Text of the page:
My goodness! From the sound of Mr. Ashworths letter (Nov. 10 Post Independent) it seems Ive urinated on someones Post Toasties. My bad. But I do enjoy getting a rise out of overeducated stuffed shirts like Tom. Isnt it peculiar how some people, when confronted with an unpleasant truth, attack the messenger rather than the message?Tom, I fully appreciate how your son lays his life on the line doing his job every day. But he does get paid. No one forced him to wear a badge. If he wanted a less-risky occupation, he could work at a doughnut shop instead of visiting them, risking his life while on duty. Though the majority of cops are good public servants, there are some whod be living under a bridge in a cardboard box if they werent wearing that badge of authority.The county commissioners didnt ask for a terrorist-proof armored tank, our fearful sheriff says he cant do his job without one. If Lou really wanted to improve valley security, hed assist I.C.E. by providing some new jail space to hold felonious illegal aliens. But Lou cant run his little gulag without tasering handcuffed prisoners.Tom, we have a different view on the real world facing us. You focus on a perceived enemy without, while I worry about our protectors within. A poster I own succinctly states my attitude. On the poster, a little mouse sits on a high mountain ledge. A raptors deadly talons are about to swoop down and take the mouses life. But the staunch little mouse stands defiantly, giving the hawk a one-finger salute.Bruno KirchenwtizSilt

As a longtime citizen and voter in Garfield County, I am appalled with the involvement and investment by questionable outside political groups. Their attempts to influence the vote (and perhaps by extension the candidates) in our recent county commissioner elections merits further investigation. I believe all four commissioner candidates should file complaints with appropriate Colorado state agencies such as the Secretary of State, Attorney General, and the Governor’s Office. Misters Bershenyi, Carter, Martin, and Samson must be willing to take a stand supporting truth, transparency, and ethical standards. With some municipal-elected officials willing to risk endorsement of particular candidates, it is conceivable similar underhanded and untruthful tactics used by these groups could trickle down to municipal elections.The extreme lengths these shady 527 groups went to included the distribution of a fake newspaper to unaffiliated and Republican voters, comprising more than two-thirds of our county’s registered voters. The purported Volume 64, Issue 80 of The Garfield County Post contained falsehoods possibly being slanderous and libelous, causing defamation of character. Another group filed erroneous documents with the state reporting Paul Randy of Orion Energy rather than Paul Rady of Antero Resources made to-date contributions of $20,000 in support of local candidates. Mr. Rady admitted contributing to the group, Western Heritage to support the Republican candidates and their vision for the communities of Garfield County (GSPI 27 Oct.08).Many voters do not share this vision of status-quo politics, policies and operations as indicated by very close elections. Four years ago I lost by 229 votes out of 19,499 cast; Mr. Bershenyi lost by 350 out of 21,710. Questionable tactics used by these groups may only be the tip of the iceberg as to what lengths they and those they represent are willing go to protect their vision and investments. A common practice of gas industry workers is to work here for two weeks, then go home for two weeks. Perhaps an investigation is warranted into the possibility of being registered and voting in multiple locations/residences? Now is the time to take a stand.Greg JeungGlenwood Springs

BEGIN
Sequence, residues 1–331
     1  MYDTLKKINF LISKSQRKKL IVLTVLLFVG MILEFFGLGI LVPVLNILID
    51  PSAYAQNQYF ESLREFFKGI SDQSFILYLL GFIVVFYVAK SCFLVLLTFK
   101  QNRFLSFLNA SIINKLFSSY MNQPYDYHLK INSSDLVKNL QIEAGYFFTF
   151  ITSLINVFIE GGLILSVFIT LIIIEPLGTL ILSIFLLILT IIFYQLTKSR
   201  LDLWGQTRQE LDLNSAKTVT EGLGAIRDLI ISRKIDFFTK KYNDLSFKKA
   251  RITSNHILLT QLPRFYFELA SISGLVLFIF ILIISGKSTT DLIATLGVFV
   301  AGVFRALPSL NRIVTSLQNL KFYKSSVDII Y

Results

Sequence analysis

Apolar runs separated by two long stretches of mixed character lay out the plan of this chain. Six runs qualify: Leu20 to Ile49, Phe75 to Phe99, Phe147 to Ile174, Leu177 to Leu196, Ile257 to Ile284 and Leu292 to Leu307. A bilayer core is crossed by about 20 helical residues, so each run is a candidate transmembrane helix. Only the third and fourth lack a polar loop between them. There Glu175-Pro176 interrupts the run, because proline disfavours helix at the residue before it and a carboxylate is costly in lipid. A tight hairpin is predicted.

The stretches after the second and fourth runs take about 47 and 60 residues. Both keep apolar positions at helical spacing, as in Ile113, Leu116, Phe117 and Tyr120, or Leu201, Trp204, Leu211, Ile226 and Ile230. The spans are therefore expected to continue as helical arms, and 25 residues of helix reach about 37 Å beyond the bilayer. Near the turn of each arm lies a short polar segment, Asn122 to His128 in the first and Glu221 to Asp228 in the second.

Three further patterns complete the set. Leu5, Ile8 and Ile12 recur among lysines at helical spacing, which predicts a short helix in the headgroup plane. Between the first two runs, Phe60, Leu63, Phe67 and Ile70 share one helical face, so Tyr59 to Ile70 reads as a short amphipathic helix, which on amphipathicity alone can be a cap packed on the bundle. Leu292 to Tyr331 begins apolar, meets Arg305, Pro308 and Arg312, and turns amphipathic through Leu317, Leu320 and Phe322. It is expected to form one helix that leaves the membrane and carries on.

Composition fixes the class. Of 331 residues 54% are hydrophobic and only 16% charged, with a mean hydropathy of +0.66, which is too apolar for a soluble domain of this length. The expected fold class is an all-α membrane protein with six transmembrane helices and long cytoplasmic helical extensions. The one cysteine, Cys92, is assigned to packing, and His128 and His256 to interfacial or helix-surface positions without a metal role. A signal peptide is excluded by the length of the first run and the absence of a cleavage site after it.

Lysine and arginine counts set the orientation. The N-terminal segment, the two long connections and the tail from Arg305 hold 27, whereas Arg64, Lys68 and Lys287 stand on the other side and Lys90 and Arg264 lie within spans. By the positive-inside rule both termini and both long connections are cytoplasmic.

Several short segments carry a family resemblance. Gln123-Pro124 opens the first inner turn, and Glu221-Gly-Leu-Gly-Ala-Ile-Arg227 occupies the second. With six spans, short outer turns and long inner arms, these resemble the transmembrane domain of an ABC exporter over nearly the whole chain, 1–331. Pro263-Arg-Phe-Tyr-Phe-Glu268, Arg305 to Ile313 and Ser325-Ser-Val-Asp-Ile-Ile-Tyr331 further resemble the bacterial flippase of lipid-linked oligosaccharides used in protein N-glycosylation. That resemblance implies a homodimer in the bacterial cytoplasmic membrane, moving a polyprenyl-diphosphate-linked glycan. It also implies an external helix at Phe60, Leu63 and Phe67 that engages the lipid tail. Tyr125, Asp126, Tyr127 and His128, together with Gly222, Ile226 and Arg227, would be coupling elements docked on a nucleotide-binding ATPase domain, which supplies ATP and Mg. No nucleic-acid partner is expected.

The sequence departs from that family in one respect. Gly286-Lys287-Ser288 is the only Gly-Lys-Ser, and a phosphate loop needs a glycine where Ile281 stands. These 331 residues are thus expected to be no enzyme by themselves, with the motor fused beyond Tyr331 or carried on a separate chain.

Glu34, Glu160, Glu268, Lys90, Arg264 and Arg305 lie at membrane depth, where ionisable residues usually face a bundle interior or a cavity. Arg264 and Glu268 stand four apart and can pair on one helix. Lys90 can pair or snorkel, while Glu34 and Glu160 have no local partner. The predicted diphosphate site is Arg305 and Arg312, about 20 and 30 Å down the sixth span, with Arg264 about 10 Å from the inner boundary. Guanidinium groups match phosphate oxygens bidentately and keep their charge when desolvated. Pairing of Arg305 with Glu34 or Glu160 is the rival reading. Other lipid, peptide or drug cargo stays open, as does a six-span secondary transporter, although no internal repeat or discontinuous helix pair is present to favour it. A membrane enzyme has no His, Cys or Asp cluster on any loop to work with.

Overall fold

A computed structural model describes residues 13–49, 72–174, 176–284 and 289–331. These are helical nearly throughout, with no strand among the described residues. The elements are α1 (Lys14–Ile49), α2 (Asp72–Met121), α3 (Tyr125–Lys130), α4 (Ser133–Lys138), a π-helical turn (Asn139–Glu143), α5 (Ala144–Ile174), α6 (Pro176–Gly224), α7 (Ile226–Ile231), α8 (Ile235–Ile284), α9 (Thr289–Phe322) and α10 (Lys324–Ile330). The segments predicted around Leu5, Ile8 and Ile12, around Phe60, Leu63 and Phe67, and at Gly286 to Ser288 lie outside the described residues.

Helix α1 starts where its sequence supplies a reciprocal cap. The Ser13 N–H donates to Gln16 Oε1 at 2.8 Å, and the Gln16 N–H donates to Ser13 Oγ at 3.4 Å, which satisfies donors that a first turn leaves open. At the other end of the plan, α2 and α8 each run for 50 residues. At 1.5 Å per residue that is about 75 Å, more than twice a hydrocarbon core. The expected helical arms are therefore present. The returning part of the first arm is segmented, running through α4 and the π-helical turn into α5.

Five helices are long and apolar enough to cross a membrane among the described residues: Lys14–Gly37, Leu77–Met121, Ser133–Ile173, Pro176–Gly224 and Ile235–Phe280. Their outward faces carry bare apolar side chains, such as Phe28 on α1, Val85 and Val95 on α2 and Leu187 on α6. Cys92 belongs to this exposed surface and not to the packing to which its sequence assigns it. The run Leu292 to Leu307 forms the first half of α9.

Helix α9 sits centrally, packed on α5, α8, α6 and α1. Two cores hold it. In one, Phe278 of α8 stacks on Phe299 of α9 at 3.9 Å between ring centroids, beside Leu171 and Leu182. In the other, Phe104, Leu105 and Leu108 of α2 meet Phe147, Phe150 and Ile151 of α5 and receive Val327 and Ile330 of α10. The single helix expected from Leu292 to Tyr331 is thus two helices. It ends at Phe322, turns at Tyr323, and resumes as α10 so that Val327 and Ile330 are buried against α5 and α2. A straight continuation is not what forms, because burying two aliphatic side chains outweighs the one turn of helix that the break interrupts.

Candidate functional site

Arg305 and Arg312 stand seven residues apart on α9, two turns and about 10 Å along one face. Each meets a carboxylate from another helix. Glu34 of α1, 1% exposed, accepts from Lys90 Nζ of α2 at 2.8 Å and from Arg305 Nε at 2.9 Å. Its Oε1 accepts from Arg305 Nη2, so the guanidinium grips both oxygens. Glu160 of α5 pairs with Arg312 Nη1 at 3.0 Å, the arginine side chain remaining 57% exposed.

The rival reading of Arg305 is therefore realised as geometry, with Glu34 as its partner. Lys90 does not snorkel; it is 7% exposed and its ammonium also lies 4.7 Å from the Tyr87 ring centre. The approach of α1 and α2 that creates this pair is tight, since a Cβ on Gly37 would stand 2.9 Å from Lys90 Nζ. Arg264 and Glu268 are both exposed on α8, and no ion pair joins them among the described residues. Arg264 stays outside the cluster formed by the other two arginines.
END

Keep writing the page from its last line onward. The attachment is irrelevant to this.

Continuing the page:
Colorados natural gas companies are announcing reduced investment in our state, in part, because of new, over-the-top regulations. Some claimed earlier last year the industry was bluffing when they informed the governor their investments would diminish if new rules were rushed to order, without analysis. Now its time for our governor and elected officials to stop and listen. Recent attempts to bridle the natural gas industry shows poor judgment in timing, to say the least. This legislative session our Western Slope elected officials may have a fight ahead of them to review the proposed rules, and make sure final outcomes dont damage our economy more than the regulation proposals already have. With leaders like Josh Penry, Steve King, Laura Bradford and Jim Isgar, I remain confident my industry will remain viable in Colorado for decades to come, and capital investment will continue to flow to Colorado.Trevor TaylorGrand Junction